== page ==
User comments for Amber (Meaning / History Only)

This name comes from the 19th and 20th century innovation of using jewels as feminine names. The word 'Amber' does not appear until the 1600s. Confusion subscribing this name to the Medieval period may have come from the Victorian habit of giving their children medieval names which coincided with the first known appearance of Amber as a given name. Also, the surname 'Amberson' which has been around for much longer was mistakenly believed to be 'son of Amber'. It's true meaning is 'son of Amery'.
Amatire  5/18/2005
On another website it said that Amber in Hindu, also Sanskrit, means "the sky."
starflora  2/17/2006
The name Amber is Arabic.
amber monkey  3/16/2006
"Amber" also is a color. Like the sap, it's a mixture of orange and brown.
― Anonymous User  4/19/2006
It is possible that "Amber" (the stone and the name) is related to "umbra" which means in Latin, "shade" or "shadow", and has come to mean archaically in English, "phantom, ghost", "an uninvited guest accompanying an invited one" and in astronomy, "the shadow cast by the earth or moon during an eclipse". Umbra has given rise to such words as, "umbrageous", "umbrage", "umbrella", "penumbra" and "somber". Interestingly, "umbra" has lent its name to two colors: amber (yellow) and umber (brown).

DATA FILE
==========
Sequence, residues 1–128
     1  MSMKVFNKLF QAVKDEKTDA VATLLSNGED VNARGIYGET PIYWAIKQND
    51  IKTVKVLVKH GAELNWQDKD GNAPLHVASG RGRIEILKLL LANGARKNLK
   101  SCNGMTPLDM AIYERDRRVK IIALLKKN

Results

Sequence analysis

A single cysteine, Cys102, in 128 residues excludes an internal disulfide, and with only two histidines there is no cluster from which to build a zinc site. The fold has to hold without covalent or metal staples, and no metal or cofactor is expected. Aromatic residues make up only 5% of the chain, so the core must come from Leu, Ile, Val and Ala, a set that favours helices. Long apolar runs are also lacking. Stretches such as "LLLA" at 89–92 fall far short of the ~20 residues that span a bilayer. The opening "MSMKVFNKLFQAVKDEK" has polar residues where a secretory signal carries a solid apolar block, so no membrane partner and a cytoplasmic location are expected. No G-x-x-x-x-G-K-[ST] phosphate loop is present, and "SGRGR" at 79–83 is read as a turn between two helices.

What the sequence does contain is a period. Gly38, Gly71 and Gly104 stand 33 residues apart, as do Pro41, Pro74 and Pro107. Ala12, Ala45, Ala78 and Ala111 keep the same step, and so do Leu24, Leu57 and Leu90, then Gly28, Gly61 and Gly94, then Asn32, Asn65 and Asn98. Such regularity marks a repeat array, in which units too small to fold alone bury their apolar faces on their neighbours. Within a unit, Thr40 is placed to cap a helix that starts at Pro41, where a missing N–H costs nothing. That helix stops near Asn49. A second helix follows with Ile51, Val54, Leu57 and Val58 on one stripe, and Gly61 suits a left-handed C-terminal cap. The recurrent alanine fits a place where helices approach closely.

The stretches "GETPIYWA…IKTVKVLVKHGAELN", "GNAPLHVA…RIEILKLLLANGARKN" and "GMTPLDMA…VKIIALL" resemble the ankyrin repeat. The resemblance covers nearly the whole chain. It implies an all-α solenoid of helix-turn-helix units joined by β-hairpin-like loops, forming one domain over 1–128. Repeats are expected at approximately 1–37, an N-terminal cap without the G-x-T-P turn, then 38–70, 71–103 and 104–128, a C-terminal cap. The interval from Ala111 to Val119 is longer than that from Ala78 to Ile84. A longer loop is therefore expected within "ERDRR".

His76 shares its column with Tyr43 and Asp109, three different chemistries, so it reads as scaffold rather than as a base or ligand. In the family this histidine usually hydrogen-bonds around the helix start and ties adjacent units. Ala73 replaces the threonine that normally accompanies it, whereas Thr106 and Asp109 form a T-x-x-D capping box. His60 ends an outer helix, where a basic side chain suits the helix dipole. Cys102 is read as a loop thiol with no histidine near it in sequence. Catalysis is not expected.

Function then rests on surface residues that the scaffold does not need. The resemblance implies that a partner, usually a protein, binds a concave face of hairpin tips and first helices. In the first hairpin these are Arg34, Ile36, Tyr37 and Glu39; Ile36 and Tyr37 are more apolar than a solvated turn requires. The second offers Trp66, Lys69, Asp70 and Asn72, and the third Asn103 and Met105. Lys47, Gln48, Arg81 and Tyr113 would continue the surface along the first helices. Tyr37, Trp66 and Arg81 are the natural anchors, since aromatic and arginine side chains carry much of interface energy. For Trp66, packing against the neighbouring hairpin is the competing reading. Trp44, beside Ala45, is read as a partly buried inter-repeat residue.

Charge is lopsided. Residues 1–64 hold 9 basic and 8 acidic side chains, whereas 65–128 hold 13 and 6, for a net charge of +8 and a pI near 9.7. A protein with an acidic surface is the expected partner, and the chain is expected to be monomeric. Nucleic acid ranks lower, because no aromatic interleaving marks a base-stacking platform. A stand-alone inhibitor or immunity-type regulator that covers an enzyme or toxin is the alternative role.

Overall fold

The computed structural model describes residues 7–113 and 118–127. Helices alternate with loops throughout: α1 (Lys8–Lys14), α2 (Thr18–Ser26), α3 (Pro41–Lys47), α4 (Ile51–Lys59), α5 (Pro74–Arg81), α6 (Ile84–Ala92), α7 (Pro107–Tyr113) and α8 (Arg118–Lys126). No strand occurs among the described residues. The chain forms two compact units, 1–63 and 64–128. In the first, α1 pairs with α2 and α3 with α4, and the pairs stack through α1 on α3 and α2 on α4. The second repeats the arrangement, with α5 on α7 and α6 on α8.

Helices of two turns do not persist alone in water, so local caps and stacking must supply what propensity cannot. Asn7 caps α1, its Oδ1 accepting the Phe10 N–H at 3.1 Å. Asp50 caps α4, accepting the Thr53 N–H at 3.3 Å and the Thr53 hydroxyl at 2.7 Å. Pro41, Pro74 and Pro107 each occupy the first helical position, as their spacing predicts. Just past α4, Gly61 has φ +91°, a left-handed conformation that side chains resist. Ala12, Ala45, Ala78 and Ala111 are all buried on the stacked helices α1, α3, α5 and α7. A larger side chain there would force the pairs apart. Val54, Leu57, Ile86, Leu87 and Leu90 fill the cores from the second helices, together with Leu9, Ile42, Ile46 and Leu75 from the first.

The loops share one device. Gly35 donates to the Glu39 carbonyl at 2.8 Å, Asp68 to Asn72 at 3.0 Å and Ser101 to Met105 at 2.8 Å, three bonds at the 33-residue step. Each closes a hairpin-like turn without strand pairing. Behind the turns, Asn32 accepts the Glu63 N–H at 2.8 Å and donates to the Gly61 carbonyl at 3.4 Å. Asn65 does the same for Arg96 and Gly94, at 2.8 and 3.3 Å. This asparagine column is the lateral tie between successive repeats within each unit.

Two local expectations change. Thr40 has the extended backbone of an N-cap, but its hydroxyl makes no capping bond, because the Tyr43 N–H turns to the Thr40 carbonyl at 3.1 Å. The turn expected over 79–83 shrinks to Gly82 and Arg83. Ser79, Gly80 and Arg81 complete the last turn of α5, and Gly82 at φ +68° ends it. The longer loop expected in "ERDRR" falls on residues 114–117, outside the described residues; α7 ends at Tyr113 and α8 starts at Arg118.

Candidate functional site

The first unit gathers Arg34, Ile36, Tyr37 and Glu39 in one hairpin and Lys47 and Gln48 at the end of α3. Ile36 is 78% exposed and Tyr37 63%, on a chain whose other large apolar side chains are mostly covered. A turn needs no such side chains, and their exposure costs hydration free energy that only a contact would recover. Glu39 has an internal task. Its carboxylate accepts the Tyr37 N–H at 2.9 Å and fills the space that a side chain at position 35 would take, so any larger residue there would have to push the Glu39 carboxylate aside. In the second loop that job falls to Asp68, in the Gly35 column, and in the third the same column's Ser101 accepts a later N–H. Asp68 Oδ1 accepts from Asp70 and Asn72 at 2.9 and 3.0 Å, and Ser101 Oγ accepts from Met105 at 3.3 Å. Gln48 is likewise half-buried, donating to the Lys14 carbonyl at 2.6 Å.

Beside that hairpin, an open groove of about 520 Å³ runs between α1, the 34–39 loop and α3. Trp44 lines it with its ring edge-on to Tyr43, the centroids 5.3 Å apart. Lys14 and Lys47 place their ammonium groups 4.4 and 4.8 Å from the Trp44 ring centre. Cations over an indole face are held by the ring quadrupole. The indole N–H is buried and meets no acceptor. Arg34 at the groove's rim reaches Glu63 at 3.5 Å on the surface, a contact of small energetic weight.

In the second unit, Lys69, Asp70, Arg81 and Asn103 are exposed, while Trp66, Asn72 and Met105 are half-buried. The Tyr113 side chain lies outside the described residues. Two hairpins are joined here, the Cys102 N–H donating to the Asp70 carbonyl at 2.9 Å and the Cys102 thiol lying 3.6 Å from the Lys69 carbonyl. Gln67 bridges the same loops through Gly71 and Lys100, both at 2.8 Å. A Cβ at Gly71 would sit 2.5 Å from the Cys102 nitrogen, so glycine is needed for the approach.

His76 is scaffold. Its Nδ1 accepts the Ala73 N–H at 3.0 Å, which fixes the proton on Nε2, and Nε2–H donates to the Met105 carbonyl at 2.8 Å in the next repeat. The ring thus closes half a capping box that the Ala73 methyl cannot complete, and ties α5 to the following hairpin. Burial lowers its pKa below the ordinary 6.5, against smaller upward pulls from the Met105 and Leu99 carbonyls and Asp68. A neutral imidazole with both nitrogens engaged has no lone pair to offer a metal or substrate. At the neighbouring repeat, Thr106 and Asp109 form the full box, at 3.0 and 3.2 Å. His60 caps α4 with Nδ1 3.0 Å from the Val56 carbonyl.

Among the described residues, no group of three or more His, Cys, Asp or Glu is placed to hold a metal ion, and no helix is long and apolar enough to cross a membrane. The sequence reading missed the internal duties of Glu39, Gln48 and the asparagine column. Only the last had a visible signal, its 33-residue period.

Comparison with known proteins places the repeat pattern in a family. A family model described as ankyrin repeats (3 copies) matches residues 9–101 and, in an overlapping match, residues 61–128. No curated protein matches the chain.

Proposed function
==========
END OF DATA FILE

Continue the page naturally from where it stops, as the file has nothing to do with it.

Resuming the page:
leananshae  12/19/2007
Amber also is a semi-precious stone.
― Anonymous User  4/25/2008
Amber means 'sky' in Hindu and Sanskrit.
― Anonymous User  5/3/2010
OTHER LANGUAGES: Ámbar (Spanish), Ambra (Italian), Ambre Ambur Ambour (French), Ómra (Irish), Inbar (Hebrew)

VARIANTS: Amberleigh (English), Amberly (English), Amberlynn (English), Ambrétte (French).
― Anonymous User  11/1/2014
Everyone keeps saying that Amber is fossilized tree sap, but that's technically not true. It's actually fossilized tree resin. Resin & sap are not the same thing; not that one is necessarily any better or worse than the other. Anyways, just thought some people might be interested to know that.
WifeOfMaggie  4/18/2016
My last name is Lambrette. Some say that in French this is L'ambrette, meaning little Amber. I like it!
ul206585  5/15/2016
It actually does have Arabic origins, from the word Anbar. Amber itself is the English variant.
― Anonymous User  9/23/2017

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